What are ultrabooks? Competition in the technology industry is fierce. As new products are released, older products have a harder time in keeping up both because innovation means that they are lacking the newest and best features, and because speeds and capacities have improved over time. One of the things that has suffered along the way has been the traditional laptop.
Laptop computers were once ground breaking. Instead of a large desktop computer with an even larger monitor that all needed to be plugged into a wall socket, you were able to buy a smaller and more mobile computer. With it’s battery power source, laptops let their owners take computing power on the road with them, and freed them from the constraints that a desktop computer had.
Newer innovations have led to smaller, more portable devices being developed. Tablet computers are the ultimate in portable device, being slim, light, small and easy to carry. Their battery life is good, and they have wonderful resolution on their smaller screens. However tablets are not a replacement for a full computer, making typing difficult because of the onscreen keyboard, and hence this reduces their usability.
Laptops on the whole remain rather chunky. Certain brands of laptop though are incredibly slim, bringing them in at a fraction of the size of other laptops of similar specifications. These reductions in size come at a cost, because there is less space inside of the case for hardware, and subsequently a much smaller battery must be used. A small battery in a regular laptop simply will not last very long.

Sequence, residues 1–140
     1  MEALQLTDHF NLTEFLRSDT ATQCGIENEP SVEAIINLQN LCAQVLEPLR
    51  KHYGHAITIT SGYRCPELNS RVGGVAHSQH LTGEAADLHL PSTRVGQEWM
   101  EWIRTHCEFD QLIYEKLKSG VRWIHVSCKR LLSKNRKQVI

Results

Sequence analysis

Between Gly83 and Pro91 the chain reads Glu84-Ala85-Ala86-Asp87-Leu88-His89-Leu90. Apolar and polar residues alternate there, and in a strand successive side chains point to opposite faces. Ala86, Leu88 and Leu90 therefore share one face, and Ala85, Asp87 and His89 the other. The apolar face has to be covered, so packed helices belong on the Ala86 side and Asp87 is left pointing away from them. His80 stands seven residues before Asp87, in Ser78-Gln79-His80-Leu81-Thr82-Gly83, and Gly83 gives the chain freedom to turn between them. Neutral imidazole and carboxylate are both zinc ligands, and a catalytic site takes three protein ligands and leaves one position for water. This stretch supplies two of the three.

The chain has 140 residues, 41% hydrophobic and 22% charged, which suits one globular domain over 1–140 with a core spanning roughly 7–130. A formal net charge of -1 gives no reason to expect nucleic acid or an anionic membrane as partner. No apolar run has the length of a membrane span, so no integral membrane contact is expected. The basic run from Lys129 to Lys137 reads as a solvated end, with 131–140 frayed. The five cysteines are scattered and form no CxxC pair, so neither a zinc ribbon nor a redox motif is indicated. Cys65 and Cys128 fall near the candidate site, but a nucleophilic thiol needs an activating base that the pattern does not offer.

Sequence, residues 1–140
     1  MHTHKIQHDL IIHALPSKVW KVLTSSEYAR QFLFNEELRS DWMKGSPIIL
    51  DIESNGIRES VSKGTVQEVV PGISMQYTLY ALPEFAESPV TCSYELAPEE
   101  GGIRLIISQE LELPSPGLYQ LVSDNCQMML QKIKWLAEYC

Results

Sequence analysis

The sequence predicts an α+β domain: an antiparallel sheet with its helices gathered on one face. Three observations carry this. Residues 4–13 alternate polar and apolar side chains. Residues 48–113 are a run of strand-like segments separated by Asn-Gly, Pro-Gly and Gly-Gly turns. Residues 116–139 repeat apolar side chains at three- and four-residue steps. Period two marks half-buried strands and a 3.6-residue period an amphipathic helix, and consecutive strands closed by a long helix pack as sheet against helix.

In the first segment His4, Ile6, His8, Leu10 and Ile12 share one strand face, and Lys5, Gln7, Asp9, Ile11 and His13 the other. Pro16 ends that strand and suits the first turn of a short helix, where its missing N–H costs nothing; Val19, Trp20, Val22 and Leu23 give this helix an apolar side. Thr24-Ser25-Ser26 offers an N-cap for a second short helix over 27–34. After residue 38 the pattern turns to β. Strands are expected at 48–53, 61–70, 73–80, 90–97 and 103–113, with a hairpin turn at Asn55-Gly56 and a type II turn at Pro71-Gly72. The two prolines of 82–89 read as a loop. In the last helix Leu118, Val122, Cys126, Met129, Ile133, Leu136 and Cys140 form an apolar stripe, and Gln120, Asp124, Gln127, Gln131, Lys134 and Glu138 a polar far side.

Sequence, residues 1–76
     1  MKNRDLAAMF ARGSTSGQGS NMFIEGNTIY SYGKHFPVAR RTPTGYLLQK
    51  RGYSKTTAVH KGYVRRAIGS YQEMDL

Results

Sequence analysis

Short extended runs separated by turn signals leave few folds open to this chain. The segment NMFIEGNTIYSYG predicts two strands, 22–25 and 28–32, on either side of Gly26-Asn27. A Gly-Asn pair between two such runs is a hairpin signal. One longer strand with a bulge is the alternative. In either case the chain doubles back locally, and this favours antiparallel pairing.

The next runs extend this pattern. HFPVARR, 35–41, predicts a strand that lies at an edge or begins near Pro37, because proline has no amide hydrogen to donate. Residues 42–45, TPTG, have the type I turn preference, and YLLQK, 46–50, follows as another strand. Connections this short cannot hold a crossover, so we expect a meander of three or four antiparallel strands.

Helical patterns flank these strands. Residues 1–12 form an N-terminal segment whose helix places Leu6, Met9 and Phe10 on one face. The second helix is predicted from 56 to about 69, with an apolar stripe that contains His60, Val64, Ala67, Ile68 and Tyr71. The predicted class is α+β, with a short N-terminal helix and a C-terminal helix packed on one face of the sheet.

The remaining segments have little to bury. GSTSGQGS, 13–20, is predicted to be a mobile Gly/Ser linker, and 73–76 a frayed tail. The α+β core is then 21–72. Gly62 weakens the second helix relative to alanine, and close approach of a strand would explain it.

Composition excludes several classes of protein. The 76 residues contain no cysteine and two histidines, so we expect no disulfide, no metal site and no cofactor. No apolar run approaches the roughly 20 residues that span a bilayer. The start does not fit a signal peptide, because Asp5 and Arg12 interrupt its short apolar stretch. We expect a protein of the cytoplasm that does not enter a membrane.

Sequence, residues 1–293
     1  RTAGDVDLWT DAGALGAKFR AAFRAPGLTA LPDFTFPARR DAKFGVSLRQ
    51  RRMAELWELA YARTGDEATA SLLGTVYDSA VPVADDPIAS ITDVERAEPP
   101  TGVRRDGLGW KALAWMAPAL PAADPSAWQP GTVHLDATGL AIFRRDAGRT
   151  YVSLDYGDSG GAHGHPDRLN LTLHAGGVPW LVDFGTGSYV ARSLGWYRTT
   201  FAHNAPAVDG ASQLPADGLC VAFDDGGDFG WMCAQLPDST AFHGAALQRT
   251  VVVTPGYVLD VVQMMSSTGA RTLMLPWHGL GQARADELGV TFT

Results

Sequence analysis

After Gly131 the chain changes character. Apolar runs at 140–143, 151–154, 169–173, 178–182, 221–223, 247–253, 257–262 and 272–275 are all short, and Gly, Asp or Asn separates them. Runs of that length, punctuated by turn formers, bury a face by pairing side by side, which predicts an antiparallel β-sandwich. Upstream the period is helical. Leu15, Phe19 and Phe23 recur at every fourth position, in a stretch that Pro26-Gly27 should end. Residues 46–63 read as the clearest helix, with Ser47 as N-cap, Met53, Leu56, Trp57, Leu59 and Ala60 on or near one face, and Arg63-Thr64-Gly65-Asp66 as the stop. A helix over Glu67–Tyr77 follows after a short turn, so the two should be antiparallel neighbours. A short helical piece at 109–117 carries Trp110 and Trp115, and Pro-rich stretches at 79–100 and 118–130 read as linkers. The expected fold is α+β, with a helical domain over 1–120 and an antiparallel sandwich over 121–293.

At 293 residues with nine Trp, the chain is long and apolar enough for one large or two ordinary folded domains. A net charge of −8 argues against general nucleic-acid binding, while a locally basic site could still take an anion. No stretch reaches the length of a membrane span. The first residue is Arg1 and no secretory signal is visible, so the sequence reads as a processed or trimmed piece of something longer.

Ultrabooks are the best answer currently to competing with tablet computers. They are an Intel brand and thus rely upon a low power drain Intel processing chip from the Sandybridge line. The Ultrabook is not just another line of laptops. Instead there are specifications that should be met, and those specifications become increasingly strict over time. There are in fact three distinct phases in the release of the Ultrabook range, and these apply the standards regarding the size and power needs of the computer.
The standards require a laptop of less than a specified size and weight, that has a good battery life-at least 5-7 hours per charge. Solid state drives are required, both for their power needs and for their size, and in return they help to bring stunning fast performance to the Ultrabooks. Later phases of the development require a reduction of processor chip power usage by 50% compared to the earliest models by using the Intel Haswell processors, along with large improvements on the graphics performance.
Perhaps equally importantly, the Ultrabook specifications call for the laptops to be priced competitively too. All should carry a price tag that is similar to other laptops available at the time, rather than being priced like the premium, slimline and light laptops currently available.
Ultimately the aim is for the Ultrabook laptop range to be incredibly light, portable and with an incredible battery life for their size. They hope to be the best of the ultra-light laptops available, able to compete with the best whilst doing so at an affordable price.